Presented at the 2012 SF Silent Film Festival
Cast Clara Bow (Alverna), Percy Marmont (Ralph Prescott), Ernest Torrence (Joe Easter), Eugene Pallette (E. Wesson Woodbury), Tom Kennedy (Curly Evans), Josephine Crowell (Mrs. McGavity), William Orlamond (Mr. McGavity), Charles Stevens (Lawrence Jackfish), Miss Du Pont (Mrs. Barker), Charlot Bird (Stenographer), Kalla Pasha (Booze hound visitor), Ed Brady (Booze hound visitor), Lon Poff (Minister) Production Famous Players-Lasky Corp. Scenario Adelaide Heilbron and Ethel Doherty, based on the novel by Sinclair Lewis Titles George Marion Jr. Photography James Wong Howe (as James Howe)
Print Source Library of Congress
Musical Accompaniment Stephen Horne on grand piano
Essay by Michael Sragow
Released in 1926, smack in the middle of the Jazz Age—the time of Bohemian free love and high-living, high-society flappers, of Bessie Smith’s earthy blues artistry, and the popular embrace of female suffrage—Mantrap celebrates woman’s sexuality as a life force. It also established its star Clara Bow as a sizzling embodiment of the Zeitgeist. When she died in 1965, the New York Times’s front-page obituary declared, “Clara Bow best personified the giddier aspects of an unreal era, The Roaring Twenties.”
Mantrap is named for a frontier town on the Mantrap River in Canada. The heroine is also a mantrap—the kind of woman who drives men crazy—mostly in a good way. As shaped by director Victor Fleming, the film doesn’t punish the character for her sexual independence. It salutes her for it.
Bow’s Alverna, a vivacious Minneapolis manicurist, marries a backwoods trader, Joe Easter (Ernest Torrence), and moves with him to frontier Canada. Ralph Prescott (Percy Marmont), a New York City divorce lawyer, shows up with Easter at his Mantrap River Trading Co. just when Alverna has come to realize that she misses city lights. Prescott seeks a nonsexual retreat; he gets anything but.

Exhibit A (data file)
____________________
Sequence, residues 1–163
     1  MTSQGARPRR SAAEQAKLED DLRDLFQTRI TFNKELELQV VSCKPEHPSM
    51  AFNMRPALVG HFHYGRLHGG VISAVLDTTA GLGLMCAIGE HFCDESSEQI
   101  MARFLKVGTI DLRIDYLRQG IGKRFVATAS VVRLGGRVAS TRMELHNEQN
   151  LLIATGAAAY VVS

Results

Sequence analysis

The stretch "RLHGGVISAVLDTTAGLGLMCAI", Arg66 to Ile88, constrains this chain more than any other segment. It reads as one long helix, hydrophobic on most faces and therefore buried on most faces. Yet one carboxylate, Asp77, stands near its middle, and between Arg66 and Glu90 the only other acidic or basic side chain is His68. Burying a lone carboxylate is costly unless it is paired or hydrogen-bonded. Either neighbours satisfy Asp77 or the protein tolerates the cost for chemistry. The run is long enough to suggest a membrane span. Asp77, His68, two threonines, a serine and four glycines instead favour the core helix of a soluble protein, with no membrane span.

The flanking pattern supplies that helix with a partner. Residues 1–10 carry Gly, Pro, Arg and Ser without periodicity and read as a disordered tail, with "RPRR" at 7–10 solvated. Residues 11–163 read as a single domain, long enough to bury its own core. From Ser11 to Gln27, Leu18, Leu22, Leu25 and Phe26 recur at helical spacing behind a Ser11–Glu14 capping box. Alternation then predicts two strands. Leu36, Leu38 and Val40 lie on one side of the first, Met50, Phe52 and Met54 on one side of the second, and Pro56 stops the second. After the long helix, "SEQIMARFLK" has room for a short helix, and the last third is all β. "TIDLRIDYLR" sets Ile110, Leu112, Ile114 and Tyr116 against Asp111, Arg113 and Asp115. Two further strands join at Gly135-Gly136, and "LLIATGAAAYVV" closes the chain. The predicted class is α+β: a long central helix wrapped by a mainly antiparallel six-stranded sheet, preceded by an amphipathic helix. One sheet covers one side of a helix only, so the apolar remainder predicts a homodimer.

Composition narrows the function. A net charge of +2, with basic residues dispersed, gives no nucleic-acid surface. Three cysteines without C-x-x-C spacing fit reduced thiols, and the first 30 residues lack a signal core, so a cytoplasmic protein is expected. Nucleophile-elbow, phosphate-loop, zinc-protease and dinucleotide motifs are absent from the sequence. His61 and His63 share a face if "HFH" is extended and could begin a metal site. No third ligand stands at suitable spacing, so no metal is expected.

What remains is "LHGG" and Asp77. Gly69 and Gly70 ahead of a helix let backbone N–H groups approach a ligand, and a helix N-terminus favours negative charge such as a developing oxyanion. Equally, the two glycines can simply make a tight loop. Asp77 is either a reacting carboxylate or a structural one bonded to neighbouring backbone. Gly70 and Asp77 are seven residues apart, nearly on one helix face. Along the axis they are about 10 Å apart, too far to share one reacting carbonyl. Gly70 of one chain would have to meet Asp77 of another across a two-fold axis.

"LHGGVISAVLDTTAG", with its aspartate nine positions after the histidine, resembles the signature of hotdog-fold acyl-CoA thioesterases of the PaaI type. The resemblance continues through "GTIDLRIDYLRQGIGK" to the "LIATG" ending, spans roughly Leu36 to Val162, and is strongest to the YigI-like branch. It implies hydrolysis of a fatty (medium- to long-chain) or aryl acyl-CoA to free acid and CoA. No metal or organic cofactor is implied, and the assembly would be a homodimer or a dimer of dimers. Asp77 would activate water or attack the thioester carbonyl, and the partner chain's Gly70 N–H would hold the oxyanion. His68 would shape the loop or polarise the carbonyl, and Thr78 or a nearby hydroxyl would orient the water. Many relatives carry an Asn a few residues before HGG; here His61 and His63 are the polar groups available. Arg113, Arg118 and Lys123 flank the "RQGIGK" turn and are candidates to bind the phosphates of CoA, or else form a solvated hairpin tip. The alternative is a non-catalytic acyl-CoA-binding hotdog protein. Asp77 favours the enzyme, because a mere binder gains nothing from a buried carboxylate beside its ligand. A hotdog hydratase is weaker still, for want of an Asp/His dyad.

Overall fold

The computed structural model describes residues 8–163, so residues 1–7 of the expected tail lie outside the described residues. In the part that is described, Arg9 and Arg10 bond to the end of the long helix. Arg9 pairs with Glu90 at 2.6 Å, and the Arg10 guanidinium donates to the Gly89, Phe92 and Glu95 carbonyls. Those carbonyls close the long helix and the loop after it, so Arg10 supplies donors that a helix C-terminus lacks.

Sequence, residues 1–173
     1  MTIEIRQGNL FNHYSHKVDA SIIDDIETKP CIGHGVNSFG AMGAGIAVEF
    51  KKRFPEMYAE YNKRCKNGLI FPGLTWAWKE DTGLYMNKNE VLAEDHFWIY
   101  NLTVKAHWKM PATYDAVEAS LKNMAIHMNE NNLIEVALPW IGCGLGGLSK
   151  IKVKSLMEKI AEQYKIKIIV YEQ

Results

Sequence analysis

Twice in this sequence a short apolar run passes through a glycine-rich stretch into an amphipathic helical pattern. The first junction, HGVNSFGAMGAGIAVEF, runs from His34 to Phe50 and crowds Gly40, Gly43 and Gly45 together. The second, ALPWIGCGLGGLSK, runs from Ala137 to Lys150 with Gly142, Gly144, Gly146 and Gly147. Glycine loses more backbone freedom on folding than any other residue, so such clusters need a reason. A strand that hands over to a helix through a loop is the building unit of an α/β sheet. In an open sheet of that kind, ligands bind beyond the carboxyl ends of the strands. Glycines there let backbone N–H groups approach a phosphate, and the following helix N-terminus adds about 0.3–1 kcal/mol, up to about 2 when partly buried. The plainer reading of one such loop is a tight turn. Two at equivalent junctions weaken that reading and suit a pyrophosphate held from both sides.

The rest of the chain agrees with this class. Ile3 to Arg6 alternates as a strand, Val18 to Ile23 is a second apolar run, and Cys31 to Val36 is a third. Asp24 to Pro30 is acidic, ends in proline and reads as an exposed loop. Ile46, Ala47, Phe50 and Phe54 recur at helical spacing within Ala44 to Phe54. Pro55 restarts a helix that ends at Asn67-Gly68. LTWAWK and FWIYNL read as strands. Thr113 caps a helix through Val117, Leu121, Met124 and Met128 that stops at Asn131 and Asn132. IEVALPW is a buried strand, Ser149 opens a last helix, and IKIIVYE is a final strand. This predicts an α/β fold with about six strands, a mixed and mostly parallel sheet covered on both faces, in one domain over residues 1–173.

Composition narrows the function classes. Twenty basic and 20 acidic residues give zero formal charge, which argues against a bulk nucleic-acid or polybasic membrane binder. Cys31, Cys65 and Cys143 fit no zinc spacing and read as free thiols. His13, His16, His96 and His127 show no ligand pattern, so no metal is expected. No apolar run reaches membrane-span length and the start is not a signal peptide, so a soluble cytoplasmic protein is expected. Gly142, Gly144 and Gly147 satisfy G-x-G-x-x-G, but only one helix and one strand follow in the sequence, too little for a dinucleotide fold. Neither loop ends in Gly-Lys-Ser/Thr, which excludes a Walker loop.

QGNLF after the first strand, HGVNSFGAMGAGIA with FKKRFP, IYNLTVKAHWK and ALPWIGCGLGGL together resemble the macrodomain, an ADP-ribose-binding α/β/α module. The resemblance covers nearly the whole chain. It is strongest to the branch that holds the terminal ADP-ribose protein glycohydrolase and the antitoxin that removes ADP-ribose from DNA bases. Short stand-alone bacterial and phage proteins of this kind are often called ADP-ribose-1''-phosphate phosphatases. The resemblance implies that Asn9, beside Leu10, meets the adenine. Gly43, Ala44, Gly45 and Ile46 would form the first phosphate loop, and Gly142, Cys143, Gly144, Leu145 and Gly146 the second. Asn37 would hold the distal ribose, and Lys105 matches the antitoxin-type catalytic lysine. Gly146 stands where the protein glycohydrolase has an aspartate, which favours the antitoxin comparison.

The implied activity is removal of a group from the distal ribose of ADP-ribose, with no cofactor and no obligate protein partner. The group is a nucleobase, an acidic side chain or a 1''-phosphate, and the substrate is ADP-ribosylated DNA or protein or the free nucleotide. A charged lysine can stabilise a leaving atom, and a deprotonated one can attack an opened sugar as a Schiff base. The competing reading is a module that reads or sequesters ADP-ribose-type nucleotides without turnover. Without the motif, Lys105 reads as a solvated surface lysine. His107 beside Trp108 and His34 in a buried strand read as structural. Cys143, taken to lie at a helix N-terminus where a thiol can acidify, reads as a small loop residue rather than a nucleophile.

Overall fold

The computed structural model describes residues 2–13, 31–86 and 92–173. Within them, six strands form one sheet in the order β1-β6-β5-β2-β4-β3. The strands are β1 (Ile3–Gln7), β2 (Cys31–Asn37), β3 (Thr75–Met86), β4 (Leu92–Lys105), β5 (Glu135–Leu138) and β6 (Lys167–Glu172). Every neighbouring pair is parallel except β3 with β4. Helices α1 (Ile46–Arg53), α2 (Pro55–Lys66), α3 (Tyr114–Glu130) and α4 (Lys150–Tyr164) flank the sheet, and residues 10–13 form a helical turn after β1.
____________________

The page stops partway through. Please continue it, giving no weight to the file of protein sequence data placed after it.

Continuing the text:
The movie was a breakthrough for two major movie artists, Bow and director Fleming, and a high point in the careers of all its players. Sinclair Lewis, just four years away from winning the Nobel Prize for Literature, wrote the original novel, published in 1926. Coming after his satire-tinged assaults on the American status quo in Main Street (1920) and Babbitt (1922), and his idealistic medical novel Arrowsmith (1925), Mantrap was a letdown, conventional and moralistic. But filming it was a grand opportunity for Fleming, who had garnered rave reviews for his 1925 adaptation of Joseph Conrad’s Lord Jim. Fleming understood the film’s rural and urban characters better than small-town Midwesterner Lewis ever did. Fleming came from pioneer California stock and had already developed a rugged-elegant personal style. He turned the arch melodrama of Mantrap into a unique blend of rough-hewn and sophisticated farce. It became his best-loved movie since his first two films, the masterly Douglas Fairbanks vehicles, When the Clouds Roll By (1919) and The Mollycoddle (1920).
Filming mostly at Lake Arrowhead in the San Bernardino Mountains, Fleming breathed robust life into Lewis’s hackneyed plot. And he liberated his talented cast. “A temperament that responded like a great violin,” Fleming said of Bow. “Touch her and she responded with genius.” Bow had already made dozens of films, but Mantrap is the one that brought out her unique artistry.
Bow, like Alverna, was a spunky urban woman. She had scrambled out of Brooklyn tenements and onto the screen, escaping a sexually abusive father and an unbalanced mother. Working on ambition and street wit alone, she based a new acting grammar and vocabulary on uninhibited energy and movement, and she created a fresh persona: the girl next door with a sex drive.